Of course, The Wild, Wild West was more fantasy than anything historically accurate. But I still thought it was a fun show, Jim West was sort of like James Bond in the 19th century.
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Old May 3rd, 2019 #4
Sartt
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Quote:
Originally Posted by ColdFire View Post
rawhide intro

Many people have a fascination for the 'Wild West' or American West as it's also called of the 19th century. .

I can understand that. .

It was a point in Caucasian history where people were 'free to make their fortune' , had 'adventure' and so on . .

Apart from that it was a time of lawlessness in the sense that people could be autonomous ( I admit , to the point of dueling each other ) . .

The state wasn't so strict back then . .

The fascination for the American West is present everywhere . .

Well , not all details may be correct , in retrospect ,as it is often painted today . .

For example , cowboys , in the word's truest meaning , weren't the "heroes" they are portrayed as ( cowboy was a profession of people having to look after the cattle ) . . The fact that "cowboys" per se are associated with the American West is because they were the "truest" "Wild Westerners" . . And it is a hardly known fact that the cowboy in the American West was often even black or Mexican . . ( that profession brought it with itself . .) . .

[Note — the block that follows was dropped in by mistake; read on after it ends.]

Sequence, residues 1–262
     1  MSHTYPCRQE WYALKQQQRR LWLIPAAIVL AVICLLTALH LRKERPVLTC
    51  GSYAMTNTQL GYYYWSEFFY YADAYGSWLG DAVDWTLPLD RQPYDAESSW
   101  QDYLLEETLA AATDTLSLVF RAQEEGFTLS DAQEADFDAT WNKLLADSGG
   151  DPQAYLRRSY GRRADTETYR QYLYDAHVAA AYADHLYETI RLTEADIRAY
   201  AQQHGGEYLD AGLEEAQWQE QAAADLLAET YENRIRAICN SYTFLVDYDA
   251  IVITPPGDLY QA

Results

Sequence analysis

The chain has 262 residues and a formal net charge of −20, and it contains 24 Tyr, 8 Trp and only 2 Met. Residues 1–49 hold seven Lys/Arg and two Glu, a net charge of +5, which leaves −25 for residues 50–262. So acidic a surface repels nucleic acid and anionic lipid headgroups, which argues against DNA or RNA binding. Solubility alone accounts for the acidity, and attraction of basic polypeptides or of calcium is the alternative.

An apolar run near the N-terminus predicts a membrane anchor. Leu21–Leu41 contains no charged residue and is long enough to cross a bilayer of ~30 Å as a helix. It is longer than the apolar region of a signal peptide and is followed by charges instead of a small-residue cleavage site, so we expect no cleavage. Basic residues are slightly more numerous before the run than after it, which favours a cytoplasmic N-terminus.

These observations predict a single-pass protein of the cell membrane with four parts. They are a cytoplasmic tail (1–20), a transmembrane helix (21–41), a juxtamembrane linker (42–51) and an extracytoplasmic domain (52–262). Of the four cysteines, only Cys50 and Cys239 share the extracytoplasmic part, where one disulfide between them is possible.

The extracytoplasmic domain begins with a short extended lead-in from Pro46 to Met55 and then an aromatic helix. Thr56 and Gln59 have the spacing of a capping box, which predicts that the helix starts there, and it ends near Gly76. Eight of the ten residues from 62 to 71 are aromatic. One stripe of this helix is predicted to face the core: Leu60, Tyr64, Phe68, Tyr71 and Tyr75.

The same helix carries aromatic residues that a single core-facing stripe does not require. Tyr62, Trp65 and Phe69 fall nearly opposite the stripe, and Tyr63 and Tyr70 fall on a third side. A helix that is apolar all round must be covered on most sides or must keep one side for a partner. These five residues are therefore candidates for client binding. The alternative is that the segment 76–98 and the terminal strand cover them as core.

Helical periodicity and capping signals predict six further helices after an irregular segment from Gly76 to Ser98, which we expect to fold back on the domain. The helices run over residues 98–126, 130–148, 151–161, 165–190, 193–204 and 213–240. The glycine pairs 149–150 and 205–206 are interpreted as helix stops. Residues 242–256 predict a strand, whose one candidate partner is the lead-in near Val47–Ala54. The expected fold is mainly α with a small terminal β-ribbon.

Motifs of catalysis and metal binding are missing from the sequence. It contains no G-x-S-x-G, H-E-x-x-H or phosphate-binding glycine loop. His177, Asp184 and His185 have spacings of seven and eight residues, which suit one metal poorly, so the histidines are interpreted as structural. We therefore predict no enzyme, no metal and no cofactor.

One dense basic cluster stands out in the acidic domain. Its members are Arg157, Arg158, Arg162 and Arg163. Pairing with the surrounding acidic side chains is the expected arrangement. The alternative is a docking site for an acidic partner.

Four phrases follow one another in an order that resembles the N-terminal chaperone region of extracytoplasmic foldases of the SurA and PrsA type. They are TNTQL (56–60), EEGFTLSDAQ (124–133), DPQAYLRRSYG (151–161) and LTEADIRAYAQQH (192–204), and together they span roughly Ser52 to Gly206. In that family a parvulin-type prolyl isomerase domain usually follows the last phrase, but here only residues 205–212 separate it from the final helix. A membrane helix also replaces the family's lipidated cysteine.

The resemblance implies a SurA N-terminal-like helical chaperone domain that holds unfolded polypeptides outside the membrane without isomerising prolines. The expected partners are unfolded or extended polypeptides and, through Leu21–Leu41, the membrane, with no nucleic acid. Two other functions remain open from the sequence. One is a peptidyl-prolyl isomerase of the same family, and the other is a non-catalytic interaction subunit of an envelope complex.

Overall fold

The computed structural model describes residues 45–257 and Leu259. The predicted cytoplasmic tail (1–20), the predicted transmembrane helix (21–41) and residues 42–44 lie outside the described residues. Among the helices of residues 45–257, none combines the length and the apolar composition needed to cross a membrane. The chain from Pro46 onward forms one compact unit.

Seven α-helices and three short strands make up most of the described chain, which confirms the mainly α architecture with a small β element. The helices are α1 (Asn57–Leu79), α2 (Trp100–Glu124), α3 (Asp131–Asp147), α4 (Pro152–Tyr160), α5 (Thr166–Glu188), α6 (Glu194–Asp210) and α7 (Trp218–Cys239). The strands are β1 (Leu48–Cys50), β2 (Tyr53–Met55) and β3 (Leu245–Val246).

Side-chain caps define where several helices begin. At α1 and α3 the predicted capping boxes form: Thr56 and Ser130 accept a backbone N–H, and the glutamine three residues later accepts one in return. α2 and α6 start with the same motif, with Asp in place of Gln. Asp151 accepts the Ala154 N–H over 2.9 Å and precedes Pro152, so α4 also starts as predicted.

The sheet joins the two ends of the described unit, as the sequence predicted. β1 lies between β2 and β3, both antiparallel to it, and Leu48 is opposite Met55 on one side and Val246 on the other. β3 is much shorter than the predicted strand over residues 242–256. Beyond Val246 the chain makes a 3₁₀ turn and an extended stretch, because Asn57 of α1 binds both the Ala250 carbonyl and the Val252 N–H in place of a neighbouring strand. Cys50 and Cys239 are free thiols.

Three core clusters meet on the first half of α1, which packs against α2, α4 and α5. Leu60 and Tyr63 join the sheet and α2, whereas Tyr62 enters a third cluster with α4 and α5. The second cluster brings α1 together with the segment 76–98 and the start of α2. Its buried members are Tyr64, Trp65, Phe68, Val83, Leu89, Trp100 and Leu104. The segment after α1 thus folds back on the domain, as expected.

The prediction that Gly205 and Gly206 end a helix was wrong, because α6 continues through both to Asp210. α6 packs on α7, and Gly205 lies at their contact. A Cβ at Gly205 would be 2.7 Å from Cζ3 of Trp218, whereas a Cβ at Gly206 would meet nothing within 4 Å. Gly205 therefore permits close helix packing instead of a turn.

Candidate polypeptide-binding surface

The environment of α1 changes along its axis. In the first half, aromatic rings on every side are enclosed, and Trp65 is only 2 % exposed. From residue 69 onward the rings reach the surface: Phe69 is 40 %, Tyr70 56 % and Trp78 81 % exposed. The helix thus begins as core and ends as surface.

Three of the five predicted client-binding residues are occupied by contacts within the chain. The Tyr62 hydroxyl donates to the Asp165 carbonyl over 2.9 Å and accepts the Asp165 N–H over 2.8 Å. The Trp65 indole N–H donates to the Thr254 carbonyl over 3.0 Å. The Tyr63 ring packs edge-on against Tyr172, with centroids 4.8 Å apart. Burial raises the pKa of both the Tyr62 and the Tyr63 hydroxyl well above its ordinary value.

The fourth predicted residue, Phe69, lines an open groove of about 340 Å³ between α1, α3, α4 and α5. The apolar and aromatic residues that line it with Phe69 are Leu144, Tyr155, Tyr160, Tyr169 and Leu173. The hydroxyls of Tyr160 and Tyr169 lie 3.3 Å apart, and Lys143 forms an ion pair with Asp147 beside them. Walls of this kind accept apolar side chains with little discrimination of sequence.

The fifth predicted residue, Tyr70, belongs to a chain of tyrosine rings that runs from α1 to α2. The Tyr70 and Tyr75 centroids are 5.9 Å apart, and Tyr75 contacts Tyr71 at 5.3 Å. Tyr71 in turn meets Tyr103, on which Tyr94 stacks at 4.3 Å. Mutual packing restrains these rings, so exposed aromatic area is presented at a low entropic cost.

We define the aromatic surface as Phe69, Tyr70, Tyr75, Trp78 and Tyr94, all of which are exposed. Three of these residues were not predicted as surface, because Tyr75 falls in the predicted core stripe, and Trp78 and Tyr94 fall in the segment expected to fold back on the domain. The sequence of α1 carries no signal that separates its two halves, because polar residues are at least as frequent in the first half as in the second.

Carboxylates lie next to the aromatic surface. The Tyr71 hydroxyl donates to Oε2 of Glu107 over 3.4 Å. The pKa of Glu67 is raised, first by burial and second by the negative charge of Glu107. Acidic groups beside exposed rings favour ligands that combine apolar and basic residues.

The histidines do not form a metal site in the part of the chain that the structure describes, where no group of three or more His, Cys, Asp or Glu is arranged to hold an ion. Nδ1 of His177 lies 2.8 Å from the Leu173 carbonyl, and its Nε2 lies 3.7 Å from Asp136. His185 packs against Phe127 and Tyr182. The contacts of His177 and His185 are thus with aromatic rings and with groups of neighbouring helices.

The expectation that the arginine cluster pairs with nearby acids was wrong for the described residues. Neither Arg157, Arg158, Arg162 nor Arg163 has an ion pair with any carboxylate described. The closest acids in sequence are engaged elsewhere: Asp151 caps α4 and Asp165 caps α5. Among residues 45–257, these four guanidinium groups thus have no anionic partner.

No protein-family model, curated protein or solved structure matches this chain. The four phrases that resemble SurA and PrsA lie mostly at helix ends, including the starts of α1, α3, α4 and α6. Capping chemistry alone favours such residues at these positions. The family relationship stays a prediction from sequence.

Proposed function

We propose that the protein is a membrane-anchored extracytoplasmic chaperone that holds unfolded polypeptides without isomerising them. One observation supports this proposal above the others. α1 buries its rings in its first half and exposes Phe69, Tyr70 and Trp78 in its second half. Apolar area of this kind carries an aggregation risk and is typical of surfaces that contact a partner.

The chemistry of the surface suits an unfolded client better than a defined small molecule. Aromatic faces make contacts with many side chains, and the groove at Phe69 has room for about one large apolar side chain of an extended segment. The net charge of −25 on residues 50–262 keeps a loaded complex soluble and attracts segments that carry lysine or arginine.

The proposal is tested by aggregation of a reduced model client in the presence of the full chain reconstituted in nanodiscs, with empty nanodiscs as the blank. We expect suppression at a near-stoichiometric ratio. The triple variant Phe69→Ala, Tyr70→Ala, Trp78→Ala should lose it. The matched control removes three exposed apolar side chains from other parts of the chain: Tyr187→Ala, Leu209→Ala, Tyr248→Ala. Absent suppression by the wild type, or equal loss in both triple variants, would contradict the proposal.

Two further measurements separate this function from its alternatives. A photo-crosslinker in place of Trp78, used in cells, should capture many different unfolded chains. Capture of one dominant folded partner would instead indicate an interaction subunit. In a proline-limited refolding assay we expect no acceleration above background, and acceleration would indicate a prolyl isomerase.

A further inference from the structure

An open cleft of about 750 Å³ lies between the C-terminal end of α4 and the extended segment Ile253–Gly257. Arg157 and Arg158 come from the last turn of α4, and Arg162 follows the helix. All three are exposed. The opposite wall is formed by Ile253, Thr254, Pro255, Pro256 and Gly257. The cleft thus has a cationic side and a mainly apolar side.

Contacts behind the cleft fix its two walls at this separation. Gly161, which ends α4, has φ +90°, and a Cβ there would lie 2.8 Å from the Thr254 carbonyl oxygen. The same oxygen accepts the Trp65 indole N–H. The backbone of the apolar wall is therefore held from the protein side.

Anyway . . I hear some towns / villages in the U.S. still hold up an "American West"-mentality . .

Also , concerning race , it was quite a "racist" time against non-Europeans . . .

It was also a change in culture in the U.S. . . while in the beginning ( the time of the Founding Fathers ) the language of the U.S.A. must still have been a British English , from 1800 on , due to many Irish settling there the language pronouncuation must have changed from a 'British English' to pronounciation similar as in Ireland . .

Example of British english . .

Star Wars: deleted scene "Jedi temple analysis room"

. . example of Irish pronounciation . .

The Dubliners - Come And Join The British Army

. . .

The American Western culture drew hard on Irish customs . . 'Hillbillies' , drinking Whiskey , dancing reel for example . .




Well . . times changed . .

. . today the American West is history . .

But it shall forever stand as a fascinating epoch of Caucasian history . .

From the life-circumstances it may have been pretty 'back to basics' but it sure was a great epoch . .

The Good, the Bad and the Ugly Theme • Ennio Morricone

Today it is viewed with fascination everywhere . . .

The 'pushing westward of the frontier' was ended in about 1900 . .

'Urbanization' began . .

But the spirit of the American West still lives on . .

Rednex - Cotton Eye Joe (Official Music Video) [HD] - RednexMusic com